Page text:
The accessory tragus is a subcutaneous, firm papule or nodule that develops due to dysplasia or failure in the fusion of auricular hillocks of the first (mandibular) and second (hyoid) branchial arches. It is estimated that accessory tragus can occur as frequently as in 1 to 2 births per 1000. By the fifth and sixth weeks, these arches produce six mesenchymal tubercles, referred to as “hillocks of His.” Each arch forms three hillocks that gradually merge and transform into the recognizable structures of the auricle, which gradually ascends from the neck to the side of the head. The accessory tragus is found near the tragus or along an imaginary line from the tragus to the angle of the mouth but can also be located on the lateral neck along the anterior margin of the sternocleidomastoid. 1 The accessory tragus located near the tragus originates from the first arch, while the cervical tragus is believed to originate from the second arch. 1 In our case, accessory tragi were present on the anterior aspect of the lower part of the sternocleidomastoids in the cervical region, a rare variant known as CCRN. 3 CCRN is usually present at birth and can be unilateral or rarely bilateral, like in our patient.

CCRN may be accompanied by syndromes like Goldenhar’s and Townes-Brocks syndrome. 2 Goldenhar syndrome (oculo-auriculo-vertebral syndrome) includes a triad of mandibular hypoplasia resulting in facial asymmetry, ear and eye malformations, and vertebral anomalies. 2 Townes-Brocks syndrome is characterized by a triad of imperforate anus, overfolded superior helices, and accessory tragus. Individuals with Townes-Brocks syndrome may also experience hearing impairments, thumb malformations, renal impairment, congenital heart disease, foot malformations, and genitourinary malformations. 2 Other rare associations are Wolf-Hirschhorn syndrome and VACTERL syndrome. Thus, ophthalmological, otorhinolaryngological, oral, and spinal examinations should be performed to rule out associations with congenital syndromes. Histopathological examination of CCRN reveals the presence of elastic cartilage surrounded by various skin structures, including eccrine glands, adipose tissue, and pilosebaceous units. 4 Ultrasonography and computed tomography scans can be utilized to determine the extent of the lesion and to look for any underlying sinus tracts. 3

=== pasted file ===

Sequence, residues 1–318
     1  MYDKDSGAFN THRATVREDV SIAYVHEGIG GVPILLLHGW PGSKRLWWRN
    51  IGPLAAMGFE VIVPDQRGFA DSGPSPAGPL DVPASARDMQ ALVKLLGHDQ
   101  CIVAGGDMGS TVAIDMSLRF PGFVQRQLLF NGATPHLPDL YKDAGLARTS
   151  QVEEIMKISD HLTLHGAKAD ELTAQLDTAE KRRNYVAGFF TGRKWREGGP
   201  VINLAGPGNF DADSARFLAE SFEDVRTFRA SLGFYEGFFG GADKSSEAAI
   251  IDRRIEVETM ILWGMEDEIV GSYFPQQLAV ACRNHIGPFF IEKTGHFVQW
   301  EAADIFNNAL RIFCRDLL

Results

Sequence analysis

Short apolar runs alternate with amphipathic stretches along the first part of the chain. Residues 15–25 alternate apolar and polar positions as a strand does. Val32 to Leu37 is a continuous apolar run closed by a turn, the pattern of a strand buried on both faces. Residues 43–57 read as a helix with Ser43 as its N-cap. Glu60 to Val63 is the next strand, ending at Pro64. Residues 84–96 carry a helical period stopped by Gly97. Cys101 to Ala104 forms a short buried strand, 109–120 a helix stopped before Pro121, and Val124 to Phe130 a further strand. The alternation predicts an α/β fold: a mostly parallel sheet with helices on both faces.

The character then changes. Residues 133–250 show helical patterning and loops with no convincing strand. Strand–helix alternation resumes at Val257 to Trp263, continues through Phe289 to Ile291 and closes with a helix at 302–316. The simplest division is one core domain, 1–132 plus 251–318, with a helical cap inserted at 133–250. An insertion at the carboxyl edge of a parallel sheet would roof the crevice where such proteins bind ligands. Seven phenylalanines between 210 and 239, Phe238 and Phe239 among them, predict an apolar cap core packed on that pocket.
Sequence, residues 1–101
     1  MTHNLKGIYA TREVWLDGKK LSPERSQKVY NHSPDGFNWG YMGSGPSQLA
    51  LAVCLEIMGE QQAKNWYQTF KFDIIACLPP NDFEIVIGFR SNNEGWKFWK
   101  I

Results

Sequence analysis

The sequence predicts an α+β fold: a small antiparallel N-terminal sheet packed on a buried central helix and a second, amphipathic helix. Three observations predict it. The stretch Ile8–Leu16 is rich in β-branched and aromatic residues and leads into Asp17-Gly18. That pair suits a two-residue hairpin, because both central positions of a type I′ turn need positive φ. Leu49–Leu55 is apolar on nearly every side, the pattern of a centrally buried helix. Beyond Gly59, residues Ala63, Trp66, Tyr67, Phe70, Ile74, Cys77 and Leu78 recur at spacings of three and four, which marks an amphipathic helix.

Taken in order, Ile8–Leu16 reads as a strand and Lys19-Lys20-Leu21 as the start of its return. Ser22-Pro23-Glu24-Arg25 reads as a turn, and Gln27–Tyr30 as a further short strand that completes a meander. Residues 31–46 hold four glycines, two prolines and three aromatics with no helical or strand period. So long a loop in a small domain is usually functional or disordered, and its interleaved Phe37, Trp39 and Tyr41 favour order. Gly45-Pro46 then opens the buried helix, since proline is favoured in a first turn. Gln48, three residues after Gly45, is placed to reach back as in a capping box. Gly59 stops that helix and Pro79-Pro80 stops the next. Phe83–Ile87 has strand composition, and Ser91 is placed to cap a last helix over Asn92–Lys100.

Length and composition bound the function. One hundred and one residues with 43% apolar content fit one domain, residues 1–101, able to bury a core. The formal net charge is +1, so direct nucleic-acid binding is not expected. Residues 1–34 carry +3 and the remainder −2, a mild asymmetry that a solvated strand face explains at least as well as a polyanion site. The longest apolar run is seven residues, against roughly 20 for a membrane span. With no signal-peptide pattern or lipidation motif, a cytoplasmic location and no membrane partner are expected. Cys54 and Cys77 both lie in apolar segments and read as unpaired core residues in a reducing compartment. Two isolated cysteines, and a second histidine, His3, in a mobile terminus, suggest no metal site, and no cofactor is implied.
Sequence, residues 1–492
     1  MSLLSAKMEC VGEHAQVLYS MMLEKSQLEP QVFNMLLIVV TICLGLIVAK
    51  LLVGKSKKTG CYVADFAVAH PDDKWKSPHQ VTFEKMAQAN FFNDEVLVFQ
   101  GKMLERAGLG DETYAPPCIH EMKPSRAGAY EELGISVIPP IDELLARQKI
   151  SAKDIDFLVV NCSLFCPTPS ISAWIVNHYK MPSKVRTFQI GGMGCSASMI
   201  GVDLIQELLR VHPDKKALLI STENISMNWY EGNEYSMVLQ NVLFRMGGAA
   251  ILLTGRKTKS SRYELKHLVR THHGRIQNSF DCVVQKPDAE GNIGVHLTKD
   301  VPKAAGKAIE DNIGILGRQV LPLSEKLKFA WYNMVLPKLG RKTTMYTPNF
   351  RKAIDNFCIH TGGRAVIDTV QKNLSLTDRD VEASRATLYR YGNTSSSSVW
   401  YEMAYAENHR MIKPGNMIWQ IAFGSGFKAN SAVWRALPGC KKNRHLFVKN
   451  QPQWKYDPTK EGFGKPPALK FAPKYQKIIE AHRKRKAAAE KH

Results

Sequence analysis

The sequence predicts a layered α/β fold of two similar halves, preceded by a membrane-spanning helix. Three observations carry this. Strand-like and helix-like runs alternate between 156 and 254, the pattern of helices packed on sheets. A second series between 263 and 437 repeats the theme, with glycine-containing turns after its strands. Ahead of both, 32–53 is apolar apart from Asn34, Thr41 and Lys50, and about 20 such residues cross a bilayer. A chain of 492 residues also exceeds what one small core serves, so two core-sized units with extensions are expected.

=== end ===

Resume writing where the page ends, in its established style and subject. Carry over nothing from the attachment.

Differential diagnoses for CCRN include thyroglossal duct cyst, hair follicle naevus, fibroepithelial polyp, and branchial cleft cyst. 5 Thyroglossal duct cysts are most prevalent in the neck’s midline near the hyoid bone, moving on tongue protrusion or swallowing. Hair follicle naevus presents as a solitary, skin-coloured papule and is sometimes accompanied by hypertrichosis. 6 Fibroepithelial polyps are benign, soft, fleshy growths hanging off the skin of collagen fibres and blood vessels. 7 Branchial cleft cysts can appear as cysts, fistulas, sinus tracts, or cartilaginous remnants, typically found on the front of the neck and upper chest.

While CCRN is benign and does not require treatment, it can also be managed with surgical excision or laser treatment. Care should be taken to ensure that the deep cartilage component is also removed. In our case, the parents chose conservative management after receiving adequate counselling.

Declaration of patient consent

The authors certify that they have obtained all appropriate patient consent.

Financial support and sponsorship

Nil.

Conflict of interest

There is no conflict of interest.

Use of Artificial Intelligence (AI)-Assisted Technology for manuscript preparation

The author(s) confirms that there was no use of Artificial Intelligence (AI)-Assisted Technology for assisting in the writing or editing of the manuscript and no images were manipulated using the AI.

References